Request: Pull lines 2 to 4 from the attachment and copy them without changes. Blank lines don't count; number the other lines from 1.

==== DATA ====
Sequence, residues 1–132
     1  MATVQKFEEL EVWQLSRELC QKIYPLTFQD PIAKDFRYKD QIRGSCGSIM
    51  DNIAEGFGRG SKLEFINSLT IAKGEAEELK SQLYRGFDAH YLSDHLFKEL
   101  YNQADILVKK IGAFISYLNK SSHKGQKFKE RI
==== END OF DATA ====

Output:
     1  MATVQKFEEL EVWQLSRELC QKIYPLTFQD PIAKDFRYKD QIRGSCGSIM
    51  DNIAEGFGRG SKLEFINSLT IAKGEAEELK SQLYRGFDAH YLSDHLFKEL
   101  YNQADILVKK IGAFISYLNK SSHKGQKFKE RI